For shame. How dare you take advantage of the Politically Correct among us.

    • Silas Barta says:

      But it’s illegal to discriminate against women, therefore that is totally impossible and everyone will comply.

      • Major_Freedom says:

        Actually, the law permits people to choose not to shop in a store and not give their money to store owners because they’re discriminating against women.

        Discrimination is not only legal, but encouraged on a massive scale.

        We just happen to be living during an echo period after the 20th century wave of socialism, in which there are discriminatory laws against owners of capital, where the reasons for the discriminatory laws logically implicate consumer behavior, but in practice does not because of the anticapitalist discrimination.

        As a consumer, I can choose not to trade with anyone I want for the most absurd reasons. This is because even socialists need to eat. They can seek to absolish private ownership of capital, but they have to eat. Freedom for socialists means the freedom to do what socialists want. So, you can discriminate against capitaliats, and as a consumer you can be a racist, sexist, homophobe.

        And not only that, but you can prosthelytize about gender and racial equality in your anti-capitalistic crusade.

        Good times.

    • E. Harding says:

      Okay, now I’m all for it, too.

  4. GabbyD says:

    Dear Bob,

    a supporter of the policy (or any govt policy) would say that the a leave policy that firms take on voluntarily would hurt them competitively, so they would opt not to do it. So there is scope for policy that makes ALL firms do it. this type of argument is similar to “tragedy of the commons” argument.

    naturally, there would still be a cost, at the expense of other factors of production, but thats a separate issue from “women are hurt” because firms would be competitively disadvantaged from policy.

    • Tel says:

      Such an argument is implying that the benefits to the employee in terms of paid leave are greater than the benefits to the business in terms of attracting higher quality female employees (else the business would do it voluntarily). Or to put that another way, you are saying the women aren’t pulling their weight.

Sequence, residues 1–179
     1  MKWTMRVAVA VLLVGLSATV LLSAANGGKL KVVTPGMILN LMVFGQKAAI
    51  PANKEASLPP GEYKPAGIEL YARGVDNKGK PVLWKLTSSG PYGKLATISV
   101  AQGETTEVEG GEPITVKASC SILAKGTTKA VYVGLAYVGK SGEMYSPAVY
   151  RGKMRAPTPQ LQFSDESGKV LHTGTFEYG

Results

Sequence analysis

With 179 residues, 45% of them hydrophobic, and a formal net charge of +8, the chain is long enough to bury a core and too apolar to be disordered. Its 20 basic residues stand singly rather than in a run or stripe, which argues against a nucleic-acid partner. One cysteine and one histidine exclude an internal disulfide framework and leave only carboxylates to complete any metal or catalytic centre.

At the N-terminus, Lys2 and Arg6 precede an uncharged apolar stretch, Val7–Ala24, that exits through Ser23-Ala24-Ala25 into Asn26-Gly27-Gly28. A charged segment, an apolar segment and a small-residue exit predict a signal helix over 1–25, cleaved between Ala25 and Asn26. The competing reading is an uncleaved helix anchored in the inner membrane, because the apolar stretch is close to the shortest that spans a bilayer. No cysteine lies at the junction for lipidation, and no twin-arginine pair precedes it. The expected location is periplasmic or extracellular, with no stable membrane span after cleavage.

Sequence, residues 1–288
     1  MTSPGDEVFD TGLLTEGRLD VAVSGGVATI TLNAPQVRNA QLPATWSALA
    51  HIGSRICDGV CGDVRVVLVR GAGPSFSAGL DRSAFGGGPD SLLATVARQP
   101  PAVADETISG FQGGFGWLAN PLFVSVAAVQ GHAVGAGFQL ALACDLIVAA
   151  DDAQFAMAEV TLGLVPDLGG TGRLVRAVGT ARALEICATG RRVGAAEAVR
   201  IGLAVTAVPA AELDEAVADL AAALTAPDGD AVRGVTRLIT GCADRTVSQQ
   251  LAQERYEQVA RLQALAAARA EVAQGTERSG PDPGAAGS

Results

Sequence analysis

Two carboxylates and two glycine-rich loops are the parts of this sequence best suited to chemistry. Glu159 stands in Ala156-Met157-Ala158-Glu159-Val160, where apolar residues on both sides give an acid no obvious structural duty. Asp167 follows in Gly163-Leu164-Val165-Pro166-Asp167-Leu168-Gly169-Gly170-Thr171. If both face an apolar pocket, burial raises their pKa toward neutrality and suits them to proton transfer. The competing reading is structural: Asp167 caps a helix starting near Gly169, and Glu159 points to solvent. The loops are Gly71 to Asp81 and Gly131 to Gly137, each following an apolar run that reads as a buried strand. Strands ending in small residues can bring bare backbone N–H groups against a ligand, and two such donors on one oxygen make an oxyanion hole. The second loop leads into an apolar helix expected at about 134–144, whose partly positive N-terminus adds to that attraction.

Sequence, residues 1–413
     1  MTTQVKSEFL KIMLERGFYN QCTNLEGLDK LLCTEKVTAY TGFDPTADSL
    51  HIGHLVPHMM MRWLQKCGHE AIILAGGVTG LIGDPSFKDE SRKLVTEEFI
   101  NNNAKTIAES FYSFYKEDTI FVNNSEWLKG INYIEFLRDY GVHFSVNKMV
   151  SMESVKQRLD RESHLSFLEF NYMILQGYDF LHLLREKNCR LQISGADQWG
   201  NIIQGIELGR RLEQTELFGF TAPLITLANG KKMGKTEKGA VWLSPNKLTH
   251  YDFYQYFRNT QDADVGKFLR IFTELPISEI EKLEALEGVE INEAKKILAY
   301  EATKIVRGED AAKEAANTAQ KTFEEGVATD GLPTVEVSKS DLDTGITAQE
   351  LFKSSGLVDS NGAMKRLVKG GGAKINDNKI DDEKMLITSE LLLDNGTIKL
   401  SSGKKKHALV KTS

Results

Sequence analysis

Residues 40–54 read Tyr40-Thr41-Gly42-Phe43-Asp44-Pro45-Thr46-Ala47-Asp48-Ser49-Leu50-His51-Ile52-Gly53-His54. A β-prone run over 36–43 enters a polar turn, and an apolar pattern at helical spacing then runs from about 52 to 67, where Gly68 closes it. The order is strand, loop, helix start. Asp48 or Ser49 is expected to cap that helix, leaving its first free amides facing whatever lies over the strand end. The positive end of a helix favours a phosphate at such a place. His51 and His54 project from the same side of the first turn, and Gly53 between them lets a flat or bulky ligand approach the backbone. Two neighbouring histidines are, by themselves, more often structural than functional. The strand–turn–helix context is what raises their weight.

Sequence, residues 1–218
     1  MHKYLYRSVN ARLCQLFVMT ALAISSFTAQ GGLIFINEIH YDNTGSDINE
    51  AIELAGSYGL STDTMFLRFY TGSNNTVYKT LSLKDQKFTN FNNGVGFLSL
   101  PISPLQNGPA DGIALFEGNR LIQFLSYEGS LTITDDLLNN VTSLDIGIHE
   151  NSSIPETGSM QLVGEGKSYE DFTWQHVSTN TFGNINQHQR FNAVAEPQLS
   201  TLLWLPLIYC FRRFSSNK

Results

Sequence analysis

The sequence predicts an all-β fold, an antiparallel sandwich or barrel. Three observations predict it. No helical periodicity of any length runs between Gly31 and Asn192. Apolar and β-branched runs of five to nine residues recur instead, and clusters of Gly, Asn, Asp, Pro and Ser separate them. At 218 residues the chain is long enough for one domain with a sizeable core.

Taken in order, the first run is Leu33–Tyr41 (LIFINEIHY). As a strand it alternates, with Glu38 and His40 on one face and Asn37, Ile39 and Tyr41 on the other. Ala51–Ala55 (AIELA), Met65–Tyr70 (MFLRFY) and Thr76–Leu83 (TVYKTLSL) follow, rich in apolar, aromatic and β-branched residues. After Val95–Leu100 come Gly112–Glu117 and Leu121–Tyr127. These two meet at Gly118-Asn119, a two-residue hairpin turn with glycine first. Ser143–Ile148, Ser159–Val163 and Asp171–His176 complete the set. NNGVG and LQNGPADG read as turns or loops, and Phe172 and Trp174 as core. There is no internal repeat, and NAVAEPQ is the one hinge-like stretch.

The “tragedy of the commons” argument depends on some global unowned resource being depleted but what is that global resource? Babies? Who owns those babies?

    • Major_Freedom says:

      I always say let concumption be the final arbiter, not violence.

      If consumers value goods the production of which includes “the workers of this firm get 12 months (or whatever) of paid leave to raise babies”, then I see no reason why they cannot make such demands on employers of labor.

      The “brutal fact” that has heretofore been the case is that when given the choice, people in general just don’t value paid leave to raise babies. Since that is the case, there is no good reason to threaten employers with violence if they don’t offer what their consumers don’t even value.

      The real reason states have an interest in employers offering their workers paid leave to raise babies is to increase the number of people born who the state can exploit, via real taxes. This is what convinced states to allow some market based activities. It is so that more resources can be stolen. Let others produce according to their wants and needs, and then steal from and coerce them. More can be produced that way than straight up slavery.

      • GabbyD says:

        “The “brutal fact” that has heretofore been the case is that when given the choice, people in general just don’t value paid leave to raise babies”

        how do u know they dont value it?